Benefits That Build a Business Case

The business case for green development is based on a framework of benefits: economic, financial, productivity, risk management, public relations and marketing, and funding.* Many people also describe these benefits in terms of the "Triple Bottom Line," with such names as "People, Planet, and Profits." The key issue here is that the benefits will vary by type of ownership, type of use, level of investment and similar drivers. It's very important, in my view, for building team members to become as articulate about the benefit side of the green building equation as they are about the cost

*Cascadia Region Green Building Council [online], ProjectID=833, accessed April 2008.

'U.S. Green Building Council, Making the Business Case for High-Performance Green Buildings (Washington, D.C.: U.S. Green Building Council, 2002), available at:[0], accessed March 6, 2007. See also Environmental Building News, 14, no. 4 (April 2005), available at:, accessed March 6, 2007.

side, to become as knowledgeable about financial benefits and considerations as they are about the technical issues concerning their own specialties. I have found professionals in all disciplines that are unable to clearly articulate the business side of green buildings. In my view, a critical professional skill is to learn how your clients make money and to become fluent in the language of business and investment. Most clients take it for granted that you'll be able to do a good job of design and construction. However, they want you to understand and articulate the reasons for green building in terms that make sense to them and which they can report to key people in their own organization.

Table 6.1 presents a sample of the wide-ranging benefits of green buildings, examined in detail in the following sections.


1. Utility cost savings for energy and water, typically 30 to 50 percent, along with reduced "carbon footprint" from energy savings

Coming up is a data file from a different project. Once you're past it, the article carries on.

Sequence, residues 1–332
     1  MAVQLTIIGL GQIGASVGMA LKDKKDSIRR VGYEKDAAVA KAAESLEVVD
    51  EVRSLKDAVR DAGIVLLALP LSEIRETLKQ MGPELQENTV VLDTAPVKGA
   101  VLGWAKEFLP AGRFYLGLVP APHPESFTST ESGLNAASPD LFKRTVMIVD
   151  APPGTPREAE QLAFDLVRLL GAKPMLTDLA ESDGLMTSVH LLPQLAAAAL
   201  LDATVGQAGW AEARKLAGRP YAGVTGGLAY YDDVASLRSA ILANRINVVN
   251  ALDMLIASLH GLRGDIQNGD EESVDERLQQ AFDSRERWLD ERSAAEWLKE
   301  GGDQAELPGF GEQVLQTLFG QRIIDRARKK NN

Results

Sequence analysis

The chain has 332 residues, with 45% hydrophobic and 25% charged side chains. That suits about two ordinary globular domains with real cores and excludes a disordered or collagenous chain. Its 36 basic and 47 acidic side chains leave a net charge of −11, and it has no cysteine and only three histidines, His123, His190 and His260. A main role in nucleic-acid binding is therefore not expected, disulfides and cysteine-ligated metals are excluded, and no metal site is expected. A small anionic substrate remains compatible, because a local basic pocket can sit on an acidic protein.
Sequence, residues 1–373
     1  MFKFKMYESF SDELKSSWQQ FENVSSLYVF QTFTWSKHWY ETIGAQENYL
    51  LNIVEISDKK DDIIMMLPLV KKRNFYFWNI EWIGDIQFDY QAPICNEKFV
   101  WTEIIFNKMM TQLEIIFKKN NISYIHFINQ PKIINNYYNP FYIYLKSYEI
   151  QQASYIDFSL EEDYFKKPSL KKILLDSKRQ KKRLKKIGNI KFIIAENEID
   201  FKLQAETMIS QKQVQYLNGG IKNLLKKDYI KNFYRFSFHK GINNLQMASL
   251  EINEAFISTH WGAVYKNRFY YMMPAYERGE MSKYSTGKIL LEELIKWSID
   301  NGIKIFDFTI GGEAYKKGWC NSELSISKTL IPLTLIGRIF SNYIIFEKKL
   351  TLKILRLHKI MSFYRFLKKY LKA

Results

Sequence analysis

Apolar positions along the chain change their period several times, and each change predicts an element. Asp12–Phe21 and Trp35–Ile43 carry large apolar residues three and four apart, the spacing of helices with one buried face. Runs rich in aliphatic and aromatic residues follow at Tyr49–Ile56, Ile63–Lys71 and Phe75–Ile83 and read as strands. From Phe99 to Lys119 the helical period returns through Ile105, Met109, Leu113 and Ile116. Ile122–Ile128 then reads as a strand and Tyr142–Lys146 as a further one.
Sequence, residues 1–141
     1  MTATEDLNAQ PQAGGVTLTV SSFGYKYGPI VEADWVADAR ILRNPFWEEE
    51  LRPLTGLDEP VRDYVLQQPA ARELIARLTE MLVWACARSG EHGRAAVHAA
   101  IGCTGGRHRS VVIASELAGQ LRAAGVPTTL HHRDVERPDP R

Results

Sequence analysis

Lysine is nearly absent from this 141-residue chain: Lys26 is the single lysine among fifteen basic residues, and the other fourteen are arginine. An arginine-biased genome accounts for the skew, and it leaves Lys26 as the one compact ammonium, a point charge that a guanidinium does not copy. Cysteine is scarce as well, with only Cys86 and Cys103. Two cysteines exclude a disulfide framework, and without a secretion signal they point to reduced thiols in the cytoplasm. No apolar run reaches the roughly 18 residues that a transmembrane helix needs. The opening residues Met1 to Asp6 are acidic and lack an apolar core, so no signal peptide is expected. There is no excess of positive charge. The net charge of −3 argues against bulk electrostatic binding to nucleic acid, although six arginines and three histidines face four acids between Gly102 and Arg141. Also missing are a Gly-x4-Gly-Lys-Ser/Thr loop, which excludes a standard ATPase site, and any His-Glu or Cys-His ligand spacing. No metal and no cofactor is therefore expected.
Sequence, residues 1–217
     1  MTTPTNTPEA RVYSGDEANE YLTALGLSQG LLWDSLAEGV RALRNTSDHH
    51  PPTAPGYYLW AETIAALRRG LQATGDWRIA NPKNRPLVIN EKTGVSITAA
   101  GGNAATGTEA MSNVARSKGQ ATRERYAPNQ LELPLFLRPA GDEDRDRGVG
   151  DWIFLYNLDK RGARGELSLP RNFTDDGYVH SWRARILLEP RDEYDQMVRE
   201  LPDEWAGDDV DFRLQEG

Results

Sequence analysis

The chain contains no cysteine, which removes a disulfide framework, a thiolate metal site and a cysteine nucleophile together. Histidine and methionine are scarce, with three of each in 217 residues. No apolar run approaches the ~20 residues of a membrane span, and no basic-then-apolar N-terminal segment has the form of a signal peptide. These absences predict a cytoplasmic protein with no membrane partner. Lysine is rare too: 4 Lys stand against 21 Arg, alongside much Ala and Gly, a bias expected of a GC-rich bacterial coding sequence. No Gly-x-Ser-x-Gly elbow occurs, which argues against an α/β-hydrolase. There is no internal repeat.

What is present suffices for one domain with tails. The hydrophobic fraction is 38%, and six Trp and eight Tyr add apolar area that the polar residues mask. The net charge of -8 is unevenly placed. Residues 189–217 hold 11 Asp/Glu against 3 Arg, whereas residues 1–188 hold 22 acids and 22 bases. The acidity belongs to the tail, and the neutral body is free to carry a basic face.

2. Maintenance cost reductions from commissioning, operator training, and other measures to improve and ensure proper systems integration and ongoing performance monitoring

3. Increased value from higher net operating income (NOI) and increased public relations for commercial buildings

4. Tax benefits for specific green building investments such as energy conservation and solar power, and local incentives, depending on location

5. More competitive real estate holdings for private sector owners, over the long run, including higher resale value (see the CoStar study cited earlier)

6. Productivity improvements for long-term building owners, typically 3 to 5 percent

7. Health benefits, including reduced absenteeism, typically 5 percent or more

8. Risk management, including faster lease up and sales for private developers, and less risk of employee exposure to irritating or toxic chemicals in building materials, furniture, and furnishings

9. Marketing benefits, especially for developers, large corporations, and consumer products companies

10. Public relations benefits, especially for developers and public agencies

11. Recruitment and retention of key employees and higher morale

12. Fund raising for colleges and nonprofits

13. Increased availability of both debt and equity funding for developers

14. Demonstration of commitment to sustainability and environmental stewardship; shared values with key stakeholders

Getting Started With Solar

Getting Started With Solar

Do we really want the one thing that gives us its resources unconditionally to suffer even more than it is suffering now? Nature, is a part of our being from the earliest human days. We respect Nature and it gives us its bounty, but in the recent past greedy money hungry corporations have made us all so destructive, so wasteful.

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